Thursday, November 29, 2012



I am so pleased to be part of the Castonbury Park Series, and for my characters I chose to write more about "downstairs" characters - in fact, my main characters are outside the big house altogether!

This book is number 5 in the series and I wanted to tell the housekeeper's story. Hannah Stratton is a much loved figure at Castonbury, she has seen the children grow up and has a son of her own, Adam, whom she has not seen for ten years.  She has never spoken about his father, or told anyone her history, but in this book it is necessary for her to put the record straight.

The Illegitimate Montague features Hannah's son, Adam. He has been away from Castonbury for many years, making a name for himself first as a captain in Nelson's navy, then in the north of England, where he becomes a mill owner. As a manufacturer of cloth, he has plenty in common with Amber Hall, the clothier who owns a warehouse and shop in Castonbury, and I could see them both working well together in the future , making the most of the opportunities that would present themselves in the forthcoming Victorian era – once they have overcome all the obstacles that I throw in their way, of course!

Without giving too much away, I can tell you that there is a disastrous fire at one point in the story, and this started me thinking about insurance. We take if for granted now, but not so in the Regency. However, the idea of fire insurance goes back to the days of the great fire of London in 1666.

One man involved in the rebuilding of London after the fire was a property developer, Nicholas Barbon. In 1667 he set up a mutual society called "The Fire Office" offering fire insurance, this later became known as Phoenix Fire Office.In 1682 it cost 30 shillings for the company to insure a property for £100 for a period of 7 years. The company employed its own men complete with liveries and badges employed to extinguish fires.
He is credited with setting up the first of several fire insurance companies formed around that time, others included the Friendly Society (1683), Hand-in-Hand (1696) Sun Fire Office (1710) and Royal Exchange Assurance (1720).
To identify that a property was covered by fire insurance, attached to the building, at a height easily seen from the street but out of reach of thieves, was a sign or emblem called a fire mark which was issued by the company. Each company had its own distinctive design which made identification of the property easier for their fire fighters and the company representatives. Designs included, for Sun Fire Office: a large sun with a face (like the image below); the Royal Exchange Assurance: their building; and Phoenix: obviously Phoenix rising from the ashes.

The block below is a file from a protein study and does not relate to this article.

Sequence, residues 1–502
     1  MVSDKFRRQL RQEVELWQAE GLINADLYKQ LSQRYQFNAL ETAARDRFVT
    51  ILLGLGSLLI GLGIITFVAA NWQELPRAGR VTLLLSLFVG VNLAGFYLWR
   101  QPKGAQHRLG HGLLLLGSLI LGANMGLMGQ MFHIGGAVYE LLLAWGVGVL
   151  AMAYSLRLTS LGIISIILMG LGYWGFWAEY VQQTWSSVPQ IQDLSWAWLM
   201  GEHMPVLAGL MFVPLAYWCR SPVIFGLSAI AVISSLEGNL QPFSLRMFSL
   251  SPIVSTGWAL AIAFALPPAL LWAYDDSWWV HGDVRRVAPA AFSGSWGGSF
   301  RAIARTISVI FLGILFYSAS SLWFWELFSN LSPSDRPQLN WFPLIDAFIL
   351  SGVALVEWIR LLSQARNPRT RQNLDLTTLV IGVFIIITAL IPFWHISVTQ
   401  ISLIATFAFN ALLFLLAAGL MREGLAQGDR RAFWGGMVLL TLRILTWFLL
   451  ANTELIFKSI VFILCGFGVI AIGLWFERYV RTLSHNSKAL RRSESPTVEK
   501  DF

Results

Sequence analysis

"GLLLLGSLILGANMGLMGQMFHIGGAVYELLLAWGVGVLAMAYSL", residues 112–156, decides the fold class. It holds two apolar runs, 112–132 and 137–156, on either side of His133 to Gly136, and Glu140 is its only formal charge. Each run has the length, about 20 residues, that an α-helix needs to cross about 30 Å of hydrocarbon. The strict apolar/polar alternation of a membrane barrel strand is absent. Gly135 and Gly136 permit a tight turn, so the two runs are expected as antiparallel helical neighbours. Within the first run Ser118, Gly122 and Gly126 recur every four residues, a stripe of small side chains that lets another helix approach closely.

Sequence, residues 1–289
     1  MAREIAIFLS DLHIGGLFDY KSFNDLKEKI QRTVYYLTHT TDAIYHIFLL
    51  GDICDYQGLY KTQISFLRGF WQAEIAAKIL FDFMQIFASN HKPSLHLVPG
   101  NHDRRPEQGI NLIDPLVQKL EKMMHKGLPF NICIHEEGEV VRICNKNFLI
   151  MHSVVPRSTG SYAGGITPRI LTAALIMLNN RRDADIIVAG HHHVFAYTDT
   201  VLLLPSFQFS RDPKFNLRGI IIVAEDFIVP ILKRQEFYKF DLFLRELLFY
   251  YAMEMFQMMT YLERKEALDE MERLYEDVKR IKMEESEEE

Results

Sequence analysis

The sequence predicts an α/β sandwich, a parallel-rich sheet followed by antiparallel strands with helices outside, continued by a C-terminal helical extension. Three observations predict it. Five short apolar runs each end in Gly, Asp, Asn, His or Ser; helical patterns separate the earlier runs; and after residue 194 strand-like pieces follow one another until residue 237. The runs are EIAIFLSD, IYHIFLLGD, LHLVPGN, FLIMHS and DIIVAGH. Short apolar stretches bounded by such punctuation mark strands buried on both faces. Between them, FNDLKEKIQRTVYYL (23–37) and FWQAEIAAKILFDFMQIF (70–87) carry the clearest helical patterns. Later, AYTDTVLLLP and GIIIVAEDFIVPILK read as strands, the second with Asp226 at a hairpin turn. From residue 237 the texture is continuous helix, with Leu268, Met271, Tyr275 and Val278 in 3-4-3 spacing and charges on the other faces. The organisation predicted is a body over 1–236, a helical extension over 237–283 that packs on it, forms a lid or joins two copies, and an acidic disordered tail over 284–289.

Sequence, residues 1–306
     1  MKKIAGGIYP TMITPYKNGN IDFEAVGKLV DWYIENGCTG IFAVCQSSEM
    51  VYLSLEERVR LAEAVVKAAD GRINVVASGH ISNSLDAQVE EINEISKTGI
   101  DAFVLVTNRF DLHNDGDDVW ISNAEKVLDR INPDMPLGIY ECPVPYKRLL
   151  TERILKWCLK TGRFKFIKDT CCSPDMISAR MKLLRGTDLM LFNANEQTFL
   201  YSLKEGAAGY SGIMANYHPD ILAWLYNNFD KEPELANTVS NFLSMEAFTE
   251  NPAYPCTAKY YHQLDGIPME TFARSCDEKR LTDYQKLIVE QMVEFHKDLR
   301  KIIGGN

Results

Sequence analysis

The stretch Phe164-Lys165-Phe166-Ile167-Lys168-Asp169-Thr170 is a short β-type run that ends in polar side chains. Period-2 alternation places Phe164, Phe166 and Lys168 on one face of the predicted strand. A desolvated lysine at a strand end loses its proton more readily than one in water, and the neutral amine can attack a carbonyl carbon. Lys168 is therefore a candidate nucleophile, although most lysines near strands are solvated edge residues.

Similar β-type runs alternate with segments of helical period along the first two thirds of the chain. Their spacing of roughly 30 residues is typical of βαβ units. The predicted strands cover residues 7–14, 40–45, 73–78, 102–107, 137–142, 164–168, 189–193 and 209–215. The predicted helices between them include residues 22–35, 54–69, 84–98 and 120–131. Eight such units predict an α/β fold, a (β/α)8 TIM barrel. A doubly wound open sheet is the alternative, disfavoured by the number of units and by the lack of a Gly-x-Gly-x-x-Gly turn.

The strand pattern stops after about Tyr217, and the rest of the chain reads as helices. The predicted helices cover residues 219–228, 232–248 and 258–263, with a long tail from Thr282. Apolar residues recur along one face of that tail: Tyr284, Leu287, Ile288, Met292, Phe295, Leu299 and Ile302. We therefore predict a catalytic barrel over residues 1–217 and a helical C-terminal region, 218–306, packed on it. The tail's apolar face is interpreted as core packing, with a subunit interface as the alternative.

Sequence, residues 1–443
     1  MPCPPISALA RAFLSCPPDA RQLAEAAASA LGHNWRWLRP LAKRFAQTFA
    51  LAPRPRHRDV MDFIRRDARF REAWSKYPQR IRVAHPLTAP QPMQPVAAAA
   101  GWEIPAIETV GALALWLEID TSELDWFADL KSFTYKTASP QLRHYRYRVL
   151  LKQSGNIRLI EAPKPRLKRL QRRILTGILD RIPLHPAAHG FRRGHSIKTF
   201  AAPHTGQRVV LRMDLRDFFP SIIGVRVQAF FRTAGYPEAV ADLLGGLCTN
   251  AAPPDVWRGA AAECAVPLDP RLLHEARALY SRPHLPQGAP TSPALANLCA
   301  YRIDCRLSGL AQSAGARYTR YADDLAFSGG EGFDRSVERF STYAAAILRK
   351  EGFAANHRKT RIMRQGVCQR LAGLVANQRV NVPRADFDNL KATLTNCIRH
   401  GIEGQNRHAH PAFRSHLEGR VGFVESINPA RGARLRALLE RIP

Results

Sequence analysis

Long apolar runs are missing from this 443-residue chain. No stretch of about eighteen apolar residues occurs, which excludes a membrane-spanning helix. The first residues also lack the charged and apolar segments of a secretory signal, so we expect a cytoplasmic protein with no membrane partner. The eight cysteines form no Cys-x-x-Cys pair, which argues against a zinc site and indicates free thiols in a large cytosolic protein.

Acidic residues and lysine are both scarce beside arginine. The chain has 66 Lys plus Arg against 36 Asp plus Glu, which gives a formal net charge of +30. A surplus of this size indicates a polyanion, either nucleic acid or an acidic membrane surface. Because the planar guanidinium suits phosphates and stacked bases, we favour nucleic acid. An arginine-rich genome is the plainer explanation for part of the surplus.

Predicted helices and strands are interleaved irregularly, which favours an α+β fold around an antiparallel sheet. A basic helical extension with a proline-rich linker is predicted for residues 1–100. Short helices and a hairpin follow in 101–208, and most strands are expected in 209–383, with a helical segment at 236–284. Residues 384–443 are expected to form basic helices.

credit: Pauline Eccles [CC-BY-SA-2.0 (], via Wikimedia Commons
Of course Castonbury was small village and did not have its own fire engine, but fire insurance companies were beginning to be set up in the larger towns such as Manchester and Buxton, so it is not impossible that businesses in Castonbury would have had insurance. I decided to include it in the plot, together with a rather unpleasant character called Mr Elliot a surveyor for the Twiss Fire Insurance Company (my own invention).I won't say any more, but I do hope you enjoy his part in Adam and Amber's story!

Sarah Mallory.


annie burrows said...

lookint forward to reading it, Sarah!

Marguerite Kaye said...

I had no idea that the origins of some present-day insurers had such fascinating origins. Now I'm wondering what would happen if you had a fire, the fire engine turned up, and you didn't have the right sign? Fascinating Sarah, thank you for sharing this.

Melinda Hammond/Sarah Mallory said...

Thanks, Annie, hope you enjoy it. Marguerite, I think I read somewhere that if you didn't have the right insurance, they would go away again and leave you to burn!

Aurian said...

Thanks for this very interesting post. Did those images, like the sun, go to the rest of Europe as well? It does look familiair.

Cheryl St.John said...

This sounds so good! Your research is fascinating.

I am reminded of the recent terrible fire in that clothing factory in Bangladesh. Such a tragedy and so many lives lost. So sad.

Congrats on your book's release!

Melinda Hammond/Sarah Mallory said...

Aurien - I am sure many companies used similar symbols, especially the Phoenix Fire company's image of a phoenix rising from the ashes - so appropriate.

Thanks for your comment, Cheryl.It is a pity that tragedies still occur, when we know so much more now about how to make buildings safe.

Thanks for dropping by, everyone.

Osmanlı ANsiklopedisi said...

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